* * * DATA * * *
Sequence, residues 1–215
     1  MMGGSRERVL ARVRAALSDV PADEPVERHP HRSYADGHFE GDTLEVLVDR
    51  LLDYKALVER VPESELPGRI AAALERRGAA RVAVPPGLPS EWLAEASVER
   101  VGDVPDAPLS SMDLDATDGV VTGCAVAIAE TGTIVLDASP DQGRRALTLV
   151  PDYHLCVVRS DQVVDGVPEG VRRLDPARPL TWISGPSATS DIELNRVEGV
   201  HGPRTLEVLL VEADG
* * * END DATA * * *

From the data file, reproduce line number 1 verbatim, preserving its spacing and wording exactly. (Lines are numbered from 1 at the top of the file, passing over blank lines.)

Sequence, residues 1–215